[1] Crisis Group interviews, Saudi and Omani officials, Riyadh, Muscat and by telephone, October 2022.

[2] Crisis Group interviews, Western and regional officials, October-November 2022.

[3] Crisis Group interviews, Western and regional officials, October-November 2022. The Saudi “white paper”, or roadmap, is said to have three pillars: the economy, a political process and security arrangements. Each pillar has short- and long-term components. On the economic front, the Saudis say they will commit to pay salaries (to civil servants first, and then to military and security sector employees if and when a political process gets under way); to assist Yemen with reconstruction; and to align the country’s post-war recovery with Saudi Arabia’s own Vision 2030 development goals. The proposal reportedly gives the Huthis a share in interim governance and guarantees their inclusion in a political process to end in elections. Finally, on security, it is said to include longstanding Saudi preconditions like a border buffer zone; guarantees about the placement of heavy and long-range weapons; and near-term limits on the size of armed forces in Yemen, whether Yemeni or foreign.

[4] Crisis Group interviews, Western and regional officials, October-November 2022.

[5] Crisis Group interview, Huthi official, Muscat, December 2022.

[6] See Crisis Group Middle East Briefing N°74, Preventing a Deadly Showdown in Northern Yemen, 17 March 2020. As part of mediation efforts, an Omani delegation arrived in Sanaa on 21 December. See “The Omani delegation is visiting Sana’a to convey ideas and proposals for the talks with Saudis”, Mehr News, 21 December 2o22.

E. Return to Economic Conflict

In parallel to the talks with the Saudis, the Huthis have escalated Yemen’s economic conflict in a bid to improve their negotiating position. On 21 October, reports emerged of Huthi drone strikes near a tanker offloading oil from the Ash Shihr terminal in Hadramawt. Huthi military officials described the attack as a “warning”.[1] Two days earlier, local media reported strikes around the other major oil export terminal in southern Yemen, Nushayma in the Shebwa province. Then, on 8 November, government forces intercepted a Huthi drone near a smaller terminal, Qana, also in Shebwa. On 21 November, the Huthis attacked al-Dhabba port, claiming it was necessary to prevent the “plunder” of the country’s hydrocarbon riches. Huthi-aligned individuals in Sanaa say these attacks should be seen as attempts at deterrence rather than destruction of oil tankers, but international shipping firms are unlikely to differentiate between the two.[2]

The attacks have a self-evident purpose: to cut off government oil revenue, by halting shipments, until the PLC agrees to share this income with the Huthis. As the Huthis put it, the aim is to stop the PLC’s theft of national resources and ensure that the government distributes funds equally among Yemen’s regions. On 11 November, in response to a U.S.-UK-French press statement condemning Huthi attacks on oil infrastructure, de facto Huthi Deputy Foreign Minister Hussein al-Ezzi – an important interlocutor for diplomats who plays a key role in negotiations – offered a moratorium on attacks in exchange for redistribution of oil revenue at the national and governorate levels on the basis of the 2014 budget. By this scheme, the Huthis would get 70 to 80 per cent of all oil revenue.[3]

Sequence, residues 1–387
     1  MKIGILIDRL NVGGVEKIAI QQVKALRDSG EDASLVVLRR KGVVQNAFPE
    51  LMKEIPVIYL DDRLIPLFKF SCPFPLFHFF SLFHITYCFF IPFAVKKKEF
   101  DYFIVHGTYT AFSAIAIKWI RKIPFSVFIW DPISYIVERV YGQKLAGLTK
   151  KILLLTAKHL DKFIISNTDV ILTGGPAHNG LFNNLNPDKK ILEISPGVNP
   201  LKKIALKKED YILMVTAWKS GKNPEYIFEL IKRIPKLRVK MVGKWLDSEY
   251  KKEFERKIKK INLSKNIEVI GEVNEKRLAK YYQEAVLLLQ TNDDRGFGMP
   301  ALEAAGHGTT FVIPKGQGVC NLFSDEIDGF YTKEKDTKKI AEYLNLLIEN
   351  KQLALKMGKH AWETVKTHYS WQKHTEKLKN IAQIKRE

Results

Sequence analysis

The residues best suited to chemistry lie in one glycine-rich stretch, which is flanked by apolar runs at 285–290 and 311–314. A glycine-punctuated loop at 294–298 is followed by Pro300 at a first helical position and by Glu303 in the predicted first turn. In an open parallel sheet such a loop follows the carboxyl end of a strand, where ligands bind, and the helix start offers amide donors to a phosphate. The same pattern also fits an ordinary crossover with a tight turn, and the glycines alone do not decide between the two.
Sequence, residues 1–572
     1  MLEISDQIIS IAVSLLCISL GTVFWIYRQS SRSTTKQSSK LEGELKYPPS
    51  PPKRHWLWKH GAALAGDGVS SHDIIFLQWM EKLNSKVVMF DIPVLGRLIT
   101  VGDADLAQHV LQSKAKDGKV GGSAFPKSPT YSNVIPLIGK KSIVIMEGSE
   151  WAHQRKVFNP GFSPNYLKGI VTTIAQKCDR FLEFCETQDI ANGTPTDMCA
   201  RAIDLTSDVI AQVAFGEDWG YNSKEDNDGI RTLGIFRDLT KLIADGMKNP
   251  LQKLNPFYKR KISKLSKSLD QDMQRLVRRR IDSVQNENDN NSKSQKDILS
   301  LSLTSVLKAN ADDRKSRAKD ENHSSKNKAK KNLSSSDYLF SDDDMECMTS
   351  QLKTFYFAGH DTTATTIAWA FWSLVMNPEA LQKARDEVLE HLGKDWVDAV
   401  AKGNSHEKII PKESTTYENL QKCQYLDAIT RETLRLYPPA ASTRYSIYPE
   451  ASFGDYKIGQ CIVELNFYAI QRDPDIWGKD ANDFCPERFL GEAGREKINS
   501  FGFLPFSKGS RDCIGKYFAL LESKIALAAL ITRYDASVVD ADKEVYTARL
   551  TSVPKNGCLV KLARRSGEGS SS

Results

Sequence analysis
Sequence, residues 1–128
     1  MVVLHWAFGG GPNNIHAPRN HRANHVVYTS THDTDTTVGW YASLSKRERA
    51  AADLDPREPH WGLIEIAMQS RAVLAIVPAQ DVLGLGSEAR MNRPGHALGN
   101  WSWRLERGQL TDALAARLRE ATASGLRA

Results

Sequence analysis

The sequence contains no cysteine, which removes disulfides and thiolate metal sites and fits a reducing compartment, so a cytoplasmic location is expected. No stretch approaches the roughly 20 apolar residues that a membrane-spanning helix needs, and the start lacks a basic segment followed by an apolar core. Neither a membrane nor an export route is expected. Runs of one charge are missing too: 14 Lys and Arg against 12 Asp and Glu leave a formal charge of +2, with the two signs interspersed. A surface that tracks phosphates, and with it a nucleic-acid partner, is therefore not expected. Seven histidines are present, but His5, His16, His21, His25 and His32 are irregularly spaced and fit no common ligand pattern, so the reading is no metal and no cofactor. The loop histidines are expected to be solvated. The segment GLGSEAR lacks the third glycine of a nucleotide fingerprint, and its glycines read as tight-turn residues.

[1] “UAE, GCC condemn Houthi attack on oil terminal in Yemen’s Hadramawt”, Al Arabiya, 22 October 2022.

[2] Crisis Group telephone interviews, Huthi-aligned officials, November 2022.

[3] Yemeni government officials and industry professionals say they halted oil production because the storage tanks at Yemen’s major southern terminals are full, rather than because tankers could not load oil from the terminals. Crisis Group telephone interviews, government officials, November 2022.

Several firms suspended oil production in Yemen, citing the threat of attack and a lack of storage capacity at southern export terminals.

The Huthi gambit worked, to an extent: the strikes halted oil exports. Several firms suspended oil production in Yemen, citing the threat of attack and a lack of storage capacity at southern export terminals. As a result, the government has not been able to export oil from the south, at a time of exceptionally high oil prices.[1] PLC-aligned officials, meanwhile, expressed dismay at what they perceive as a lack of international – and Saudi – response to the attacks. They spoke of launching a unilateral offensive to hit back at the Huthis.[2]

The government sought to retaliate by designating the Huthis as a terrorist organisation, expanding its lobbying to have the group so designated abroad and, in mid-November, refusing to authorise fuel shipments to Hodeida (though Riyadh quickly overruled them on this last point).[3] Later, the government sought to build on its terrorism designation by banning financial transactions with Huthi-affiliated businesses, though to what effect is unclear.[4] Even government officials acknowledge that they can do little until they know the outcome of the Huthi-Saudi talks.[5] Nevertheless, both sides are preparing for a return to open warfare.